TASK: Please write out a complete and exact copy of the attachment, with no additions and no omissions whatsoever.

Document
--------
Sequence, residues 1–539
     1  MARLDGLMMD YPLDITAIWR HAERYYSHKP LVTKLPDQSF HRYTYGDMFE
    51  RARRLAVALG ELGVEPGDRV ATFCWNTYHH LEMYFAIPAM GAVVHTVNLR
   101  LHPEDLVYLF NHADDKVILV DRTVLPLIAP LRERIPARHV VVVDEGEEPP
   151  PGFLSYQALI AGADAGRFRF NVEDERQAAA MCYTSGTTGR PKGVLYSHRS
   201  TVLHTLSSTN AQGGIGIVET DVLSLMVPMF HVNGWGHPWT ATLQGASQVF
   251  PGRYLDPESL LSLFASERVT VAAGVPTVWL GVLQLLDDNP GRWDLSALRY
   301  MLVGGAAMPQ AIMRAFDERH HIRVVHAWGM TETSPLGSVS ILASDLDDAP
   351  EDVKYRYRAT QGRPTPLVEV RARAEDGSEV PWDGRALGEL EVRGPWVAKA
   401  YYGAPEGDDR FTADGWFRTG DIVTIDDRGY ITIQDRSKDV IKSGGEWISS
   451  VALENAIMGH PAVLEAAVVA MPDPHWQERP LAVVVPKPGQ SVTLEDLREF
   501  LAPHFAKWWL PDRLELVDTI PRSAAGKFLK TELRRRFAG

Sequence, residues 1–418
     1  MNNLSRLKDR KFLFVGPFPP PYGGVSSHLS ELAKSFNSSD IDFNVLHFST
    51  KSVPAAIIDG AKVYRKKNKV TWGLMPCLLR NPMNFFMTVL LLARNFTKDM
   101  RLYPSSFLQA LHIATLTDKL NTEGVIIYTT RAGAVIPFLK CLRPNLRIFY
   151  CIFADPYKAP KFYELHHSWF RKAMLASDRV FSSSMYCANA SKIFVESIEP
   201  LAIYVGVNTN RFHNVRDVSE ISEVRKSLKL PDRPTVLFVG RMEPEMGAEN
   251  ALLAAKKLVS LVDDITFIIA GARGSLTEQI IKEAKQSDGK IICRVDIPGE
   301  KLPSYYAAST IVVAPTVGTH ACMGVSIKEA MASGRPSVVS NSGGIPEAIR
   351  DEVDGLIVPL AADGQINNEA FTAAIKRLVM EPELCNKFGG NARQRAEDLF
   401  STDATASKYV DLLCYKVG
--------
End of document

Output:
Sequence, residues 1–539
     1  MARLDGLMMD YPLDITAIWR HAERYYSHKP LVTKLPDQSF HRYTYGDMFE
    51  RARRLAVALG ELGVEPGDRV ATFCWNTYHH LEMYFAIPAM GAVVHTVNLR
   101  LHPEDLVYLF NHADDKVILV DRTVLPLIAP LRERIPARHV VVVDEGEEPP
   151  PGFLSYQALI AGADAGRFRF NVEDERQAAA MCYTSGTTGR PKGVLYSHRS
   201  TVLHTLSSTN AQGGIGIVET DVLSLMVPMF HVNGWGHPWT ATLQGASQVF
   251  PGRYLDPESL LSLFASERVT VAAGVPTVWL GVLQLLDDNP GRWDLSALRY
   301  MLVGGAAMPQ AIMRAFDERH HIRVVHAWGM TETSPLGSVS ILASDLDDAP
   351  EDVKYRYRAT QGRPTPLVEV RARAEDGSEV PWDGRALGEL EVRGPWVAKA
   401  YYGAPEGDDR FTADGWFRTG DIVTIDDRGY ITIQDRSKDV IKSGGEWISS
   451  VALENAIMGH PAVLEAAVVA MPDPHWQERP LAVVVPKPGQ SVTLEDLREF
   501  LAPHFAKWWL PDRLELVDTI PRSAAGKFLK TELRRRFAG

Sequence, residues 1–418
     1  MNNLSRLKDR KFLFVGPFPP PYGGVSSHLS ELAKSFNSSD IDFNVLHFST
    51  KSVPAAIIDG AKVYRKKNKV TWGLMPCLLR NPMNFFMTVL LLARNFTKDM
   101  RLYPSSFLQA LHIATLTDKL NTEGVIIYTT RAGAVIPFLK CLRPNLRIFY
   151  CIFADPYKAP KFYELHHSWF RKAMLASDRV FSSSMYCANA SKIFVESIEP
   201  LAIYVGVNTN RFHNVRDVSE ISEVRKSLKL PDRPTVLFVG RMEPEMGAEN
   251  ALLAAKKLVS LVDDITFIIA GARGSLTEQI IKEAKQSDGK IICRVDIPGE
   301  KLPSYYAAST IVVAPTVGTH ACMGVSIKEA MASGRPSVVS NSGGIPEAIR
   351  DEVDGLIVPL AADGQINNEA FTAAIKRLVM EPELCNKFGG NARQRAEDLF
   401  STDATASKYV DLLCYKVG